Deric Metzger calls his former boyfriend, Brian Shaughnessy a “survivor.”
“When Brian was younger, he was diagnosed with leukemia. And of all the things he lost, fighting leukemia, his compassion and sense of humor weren’t among them,” Metzer, 32, told Fox News. “He lost weight, he lost years of his life and he lost his hair, but he still knew more about his nurses and doctors than they knew about him.”
Shaughnessy survived the cancer and dyed his hair wacky colors as it grew back. Metzger said when people asked about Shaughnessy’s hair, he would tell them how he had cancer and he had beat it.
Despite overcoming cancer and the trials that come with battling a serious illness, Shaughnessy tragically killed himself on June 17, 2009, when he was only 24 years old.
After entering college, Shaughnessy began presenting symptoms of schizophrenia, a mental illness the Mayo Clinic describes as a severe mental disorder in which people interpret reality abnormally. Symptoms of schizophrenia can include, hallucinations, delusions, and extremely disordered thinking and behavior.
Shaughnessy’s diagnosis manifested in different ways throughout his relationship with Metzger. For example, they took very few photos together because Shaughnessy believed they would somehow be harmful for Metzger.
“Schizophrenia has a genetic component, sure, but some recent research indicates it can be induced by trauma, and trauma almost more than mental illness is the greatest precipitating factor to suicide for most people,” Metzger, who is currently a group facilitator for Survivors of Suicide Loss (SOSL), said. “And when we talk about mental illness and suicide, especially among minority groups, we always look for that one cause.”
Shaughnessy suffered through many traumas in his early battle with cancer but Metzger believes that his suffered additional trauma because of his sexuality. Metzger said that one of the direct contributing factors to Shaughnessy’s suicide was Prop 8, a vote by Californians that made gay marriage illegal in the state.
“It’s amazing how with something that ultimately unimportant to who you are as a person can be considered persona non grata or public enemy number one by a certain vocal minority of people,” Metzger said.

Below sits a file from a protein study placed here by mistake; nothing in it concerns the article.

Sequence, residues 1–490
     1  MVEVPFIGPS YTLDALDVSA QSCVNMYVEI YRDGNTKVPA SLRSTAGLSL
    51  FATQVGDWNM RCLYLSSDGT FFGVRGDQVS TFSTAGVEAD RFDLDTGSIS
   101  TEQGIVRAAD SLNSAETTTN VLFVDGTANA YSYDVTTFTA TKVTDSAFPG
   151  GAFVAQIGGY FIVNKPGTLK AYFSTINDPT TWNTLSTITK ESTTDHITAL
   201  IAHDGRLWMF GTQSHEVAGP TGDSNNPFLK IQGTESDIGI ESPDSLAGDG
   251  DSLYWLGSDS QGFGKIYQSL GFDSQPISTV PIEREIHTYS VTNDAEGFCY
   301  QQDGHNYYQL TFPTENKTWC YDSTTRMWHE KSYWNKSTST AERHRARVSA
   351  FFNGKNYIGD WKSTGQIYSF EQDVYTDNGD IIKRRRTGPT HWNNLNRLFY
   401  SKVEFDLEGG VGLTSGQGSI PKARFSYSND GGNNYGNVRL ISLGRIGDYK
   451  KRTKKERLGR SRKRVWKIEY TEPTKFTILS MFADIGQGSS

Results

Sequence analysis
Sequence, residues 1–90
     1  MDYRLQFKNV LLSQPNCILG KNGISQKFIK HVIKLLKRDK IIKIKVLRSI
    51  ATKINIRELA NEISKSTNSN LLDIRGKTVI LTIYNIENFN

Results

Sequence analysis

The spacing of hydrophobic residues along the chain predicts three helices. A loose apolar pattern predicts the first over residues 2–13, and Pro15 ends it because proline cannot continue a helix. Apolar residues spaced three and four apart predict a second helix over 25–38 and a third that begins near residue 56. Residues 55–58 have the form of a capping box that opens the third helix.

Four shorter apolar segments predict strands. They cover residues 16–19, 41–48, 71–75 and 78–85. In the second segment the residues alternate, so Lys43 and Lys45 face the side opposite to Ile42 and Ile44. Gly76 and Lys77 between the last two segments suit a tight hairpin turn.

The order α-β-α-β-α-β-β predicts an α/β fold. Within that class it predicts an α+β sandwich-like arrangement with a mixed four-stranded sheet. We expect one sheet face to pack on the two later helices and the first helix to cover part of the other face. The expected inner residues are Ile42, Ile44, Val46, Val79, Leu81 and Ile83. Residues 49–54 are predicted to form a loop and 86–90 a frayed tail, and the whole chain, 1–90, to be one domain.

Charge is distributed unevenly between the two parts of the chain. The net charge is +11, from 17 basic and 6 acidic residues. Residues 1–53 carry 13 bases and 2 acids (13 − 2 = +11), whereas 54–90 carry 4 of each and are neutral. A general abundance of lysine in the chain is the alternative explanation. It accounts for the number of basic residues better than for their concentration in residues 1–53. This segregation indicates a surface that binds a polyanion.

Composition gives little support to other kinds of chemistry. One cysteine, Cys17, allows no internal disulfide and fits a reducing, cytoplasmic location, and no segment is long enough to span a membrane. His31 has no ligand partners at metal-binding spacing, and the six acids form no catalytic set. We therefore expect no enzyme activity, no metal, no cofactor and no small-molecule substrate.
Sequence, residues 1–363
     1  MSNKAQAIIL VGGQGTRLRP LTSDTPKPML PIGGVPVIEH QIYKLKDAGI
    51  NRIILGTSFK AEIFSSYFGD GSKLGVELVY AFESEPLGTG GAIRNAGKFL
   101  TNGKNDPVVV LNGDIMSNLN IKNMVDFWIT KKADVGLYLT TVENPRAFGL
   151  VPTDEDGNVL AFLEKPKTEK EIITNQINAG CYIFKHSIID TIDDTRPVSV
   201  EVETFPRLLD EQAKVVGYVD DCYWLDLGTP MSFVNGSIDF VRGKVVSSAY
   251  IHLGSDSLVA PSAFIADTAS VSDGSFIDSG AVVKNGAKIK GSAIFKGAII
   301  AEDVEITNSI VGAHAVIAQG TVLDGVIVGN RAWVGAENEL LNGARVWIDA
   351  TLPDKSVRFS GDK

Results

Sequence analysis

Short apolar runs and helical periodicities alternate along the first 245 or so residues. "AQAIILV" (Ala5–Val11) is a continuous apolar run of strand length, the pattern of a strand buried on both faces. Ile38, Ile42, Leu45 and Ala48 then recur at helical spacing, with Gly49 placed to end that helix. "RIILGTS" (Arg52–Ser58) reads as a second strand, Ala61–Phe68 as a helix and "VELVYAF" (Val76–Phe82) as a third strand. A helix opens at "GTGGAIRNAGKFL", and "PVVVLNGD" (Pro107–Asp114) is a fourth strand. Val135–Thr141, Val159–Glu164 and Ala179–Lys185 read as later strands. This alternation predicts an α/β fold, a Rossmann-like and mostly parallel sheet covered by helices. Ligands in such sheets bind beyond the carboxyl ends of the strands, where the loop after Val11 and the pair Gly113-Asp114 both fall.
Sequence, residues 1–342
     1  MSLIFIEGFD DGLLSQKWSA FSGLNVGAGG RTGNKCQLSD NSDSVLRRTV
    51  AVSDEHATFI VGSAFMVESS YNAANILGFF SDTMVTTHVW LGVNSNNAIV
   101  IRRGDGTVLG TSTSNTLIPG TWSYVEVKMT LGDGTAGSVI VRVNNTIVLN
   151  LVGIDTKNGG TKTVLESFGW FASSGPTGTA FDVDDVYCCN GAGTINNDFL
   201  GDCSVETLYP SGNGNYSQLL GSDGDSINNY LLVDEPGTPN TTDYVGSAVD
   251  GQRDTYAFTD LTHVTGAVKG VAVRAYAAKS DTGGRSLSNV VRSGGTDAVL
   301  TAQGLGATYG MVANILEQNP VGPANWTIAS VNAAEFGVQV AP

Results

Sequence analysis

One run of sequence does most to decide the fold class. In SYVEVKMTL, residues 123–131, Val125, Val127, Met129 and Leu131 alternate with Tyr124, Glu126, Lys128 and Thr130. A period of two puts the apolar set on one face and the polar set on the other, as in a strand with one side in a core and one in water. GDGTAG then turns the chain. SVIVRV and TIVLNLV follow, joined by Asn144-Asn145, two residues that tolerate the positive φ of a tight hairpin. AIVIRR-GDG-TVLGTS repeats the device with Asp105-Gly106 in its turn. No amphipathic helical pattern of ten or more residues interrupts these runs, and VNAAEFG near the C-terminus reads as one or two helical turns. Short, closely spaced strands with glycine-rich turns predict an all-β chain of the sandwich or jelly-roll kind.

Dr. Jack Drescher, a clinical professor of psychiatry at New York Medical College who was on the Diagnostic and Statistical Manual of Mental Disorders (DSM) V workgroup on sexual and gender identity disorders, told Fox News that while many mental illnesses are genetic, there are psychosocial aspects to mental health.
“If you stress a person with a vulnerability for depression enough, they can get very severely depressed and become suicidal,” Drescher said. “If you belong to a stigmatized minority group, whether it’s a racial minority group or… a gender or sexual minority group, there is an increased risk because there are all of these…moments in your life where you may be subject to stressers that the majority does not usually experience on a regular basis.”
Jillian Weiss, of the Transgender Legal Defense & Education Fund, told Fox News that these stressers can include, “employment discrimination, education, health care access, public accommodations. When people have to confront these things on a daily basis, it can make life more difficult."
Metzger believes factors like this contributed to Shaughnessy’s death.
“When you already have the trauma of an unsupportive world, and you factor in things like Prop 8, surviving Leukemia, having a mental illness, feeling incorrectly that you’re a burden on other people, that people would be better off without you, because that’s what your mind is telling you, because it’s already made the decision to self-destruct, and it’s just reverse engineering a way to get you to that place” he said.
Suicide rates within the LGBT community are higher than the general population, especially among youth. According to the Center for Disease Control and Prevention (CDC), nearly 29 percent of LGB youth had attempted suicide at least once in the prior year compared to 6 percent of heterosexual youth.
Weiss emphasized that while being a member of the LGBT community doesn’t automatically make a person more prone to suicide attempts, those who live in an open and tolerant societies are more prone to flourish.
“When they live in societies where they’re seen as lesser than and made to feel there is something wrong with them then, of course, we’re going to find more difficulties in people’s lives,” Weiss said.
Both Weiss and Metzger offer words of hope to the LGBT community. Metzger works to inform people who have suicidal thoughts and their loved ones that there are places that can offer assistance and urges others to speak out.
“The only weakness when it comes to suicide is silence, period,” he said. “And as someone who lost somebody to suicide, as somebody who in the aftermath of that tried to kill themselves, I need you to know – it’s a cliché but it does get better.”
Weiss echos Metzger and wants LGBT youth to know that life in the community isn’t bleak.
“The fact is that, you know, someone who is growing up, who realizes that they are gay or bisexual, transgender, the fact is they are going to be part of a very vibrant community of people who are contributing to our country and who are in all professions, of all backgrounds,” she said.
Survivors of Suicide Loss
Transgender Legal Defense & Education Fund
American Association of Suicidology
Center for Disease Control and Prevention
The Trevor Project (Trevor Project Lifeline: (866) 488-7386)
The National Suicide Prevention Lifeline: (800) 273- 8255